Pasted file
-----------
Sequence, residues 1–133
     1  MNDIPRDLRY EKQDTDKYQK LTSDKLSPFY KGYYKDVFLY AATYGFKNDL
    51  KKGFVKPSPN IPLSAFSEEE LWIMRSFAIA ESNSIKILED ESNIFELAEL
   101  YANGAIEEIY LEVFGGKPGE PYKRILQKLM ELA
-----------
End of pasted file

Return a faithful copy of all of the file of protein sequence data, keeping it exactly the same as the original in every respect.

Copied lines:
Sequence, residues 1–133
     1  MNDIPRDLRY EKQDTDKYQK LTSDKLSPFY KGYYKDVFLY AATYGFKNDL
    51  KKGFVKPSPN IPLSAFSEEE LWIMRSFAIA ESNSIKILED ESNIFELAEL
   101  YANGAIEEIY LEVFGGKPGE PYKRILQKLM ELA